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24H Le Mans

Exhaust Issue Dashes Hopes of Victory for GTE Champ Estre

Kevin Estre frustrated with Le Mans setback, elated with GTE World Championship title…

Photo: Porsche

Kevin Estre believes his crew could have been able to fight for the GTE-Pro win had they not encountered a “reliability issue” to their Porsche 911 RSR midway through the 24 Hours of Le Mans.

Estre and co-drivers Michael Christensen and Laurens Vanthoor were unable to defend their victory in the French endurance classic, although a tenth place class finish on Sunday locked up the FIA World GTE Drivers’ Championship for Estre and Christensen.

The Manthey-run No. 92 Porsche enjoyed a strong start to the race and benefitted from a safety car period to pad its gap to the majority of the field, alongside the eventual class-winning No. 51 AF Corse Ferrari 488 GTE.

While vaulting into the lead in the fifth hour and enjoying a competitive battle with the Ferrari, an issue with the Porsche’s exhaust in the Hour 13 saw Estre lose six laps, and dropped them out of contention.

“I think we had the car and the crew and everything to win it,” Estre told Sportscar365.

“We were there. We didn’t want to just drive around; we wanted to win. We had the pace for it then we had a reliability issue on the exhaust and that threw us back.

“Then it was just about surviving and bringing some points because we had nothing to achieve. This was the most difficult part, to be honest.

“It was like 11 hours or something [left]. The first part was managing the risk you want to take, but going flat out it’s what you do on the 24 Hours of Le Mans because you can’t really go slow.

“The second part was just surviving and trying to bring it home. But mentally, it was very tough.”

The trio’s tenth place class finish was still enough for Estre and Christensen to take the world drivers’ title by 18.5 points over James Calado and Alessandro Pier Gudi, whose class win on Sunday moved them past Porsche’s Gimmi Bruni and Richard Lietz for second in the championship.

“Until we had the issue, we were challenging them, we passed them and we pulled a gap on them. But you never know what would have happened in the next ten hours,” Estre added.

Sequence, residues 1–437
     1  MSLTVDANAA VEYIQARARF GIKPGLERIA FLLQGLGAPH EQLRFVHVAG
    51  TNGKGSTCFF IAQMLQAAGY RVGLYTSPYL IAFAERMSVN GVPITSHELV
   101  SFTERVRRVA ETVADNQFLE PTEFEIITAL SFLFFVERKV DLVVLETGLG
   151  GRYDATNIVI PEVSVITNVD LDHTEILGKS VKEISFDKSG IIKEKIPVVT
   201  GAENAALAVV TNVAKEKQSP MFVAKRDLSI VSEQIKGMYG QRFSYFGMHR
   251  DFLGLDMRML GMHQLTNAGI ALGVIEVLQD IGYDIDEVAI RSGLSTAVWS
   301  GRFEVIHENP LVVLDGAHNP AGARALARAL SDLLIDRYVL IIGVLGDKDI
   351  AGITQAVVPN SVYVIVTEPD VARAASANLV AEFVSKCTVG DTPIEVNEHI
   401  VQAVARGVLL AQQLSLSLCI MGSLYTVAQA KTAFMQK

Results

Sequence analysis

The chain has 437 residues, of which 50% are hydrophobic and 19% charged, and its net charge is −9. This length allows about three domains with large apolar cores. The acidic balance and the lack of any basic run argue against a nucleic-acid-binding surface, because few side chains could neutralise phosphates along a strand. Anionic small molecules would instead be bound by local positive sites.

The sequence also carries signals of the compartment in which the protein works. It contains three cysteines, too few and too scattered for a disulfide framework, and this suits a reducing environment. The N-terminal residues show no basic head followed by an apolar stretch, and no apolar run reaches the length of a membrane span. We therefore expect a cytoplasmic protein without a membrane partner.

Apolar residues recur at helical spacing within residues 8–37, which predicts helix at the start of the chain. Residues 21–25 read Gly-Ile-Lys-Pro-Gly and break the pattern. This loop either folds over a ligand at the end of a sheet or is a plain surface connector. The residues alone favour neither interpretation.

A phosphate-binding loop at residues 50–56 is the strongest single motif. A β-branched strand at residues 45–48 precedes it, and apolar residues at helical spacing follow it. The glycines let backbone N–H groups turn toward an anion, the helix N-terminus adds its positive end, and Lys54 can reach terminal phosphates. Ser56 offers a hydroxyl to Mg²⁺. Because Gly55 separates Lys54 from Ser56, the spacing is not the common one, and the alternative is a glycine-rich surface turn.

“How would have the pace been for us? How would have the car reacted? You saw with the 93 and 91, that the reliability was not an issue for them and they pushed the whole race but we had an issue on our car.

“It happens and that’s why you need four cars in Le Mans.”

Winning Super Season Championship a “One-of-a-Kind” Achievement

Estre said he’s incredibly proud to win the drivers’ title in what will likely go down as the most competitive field in GTE-Pro for the foreseeable future.

In addition to their Le Mans victory last year, Estre and Christensen collected an additional class win in Fuji, while only failing to finish off the class podium twice in the eight-race, 14-month-long ‘Super Season’.

“Winning the championship this season, I think, is a really big achievement compared to a normal WEC season,” Estre said. “It was even harder.

“There were more manufacturers, there were more points to grab with Sebring and two-times Le Mans. It was a tough season. It was something special.

“With two Le Mans and 17 Pro cars, I don’t think it ever has happened and I’m not sure when it’s going to happen again.

“I think this year was the year to win and if I had to choose within the last five years, I would pick this one.”

John Dagys is the founder and Editor-in-Chief of Sportscar365. Dagys spent eight years as a motorsports correspondent for and SPEED Channel and has contributed to numerous other motorsports publications worldwide. Contact John

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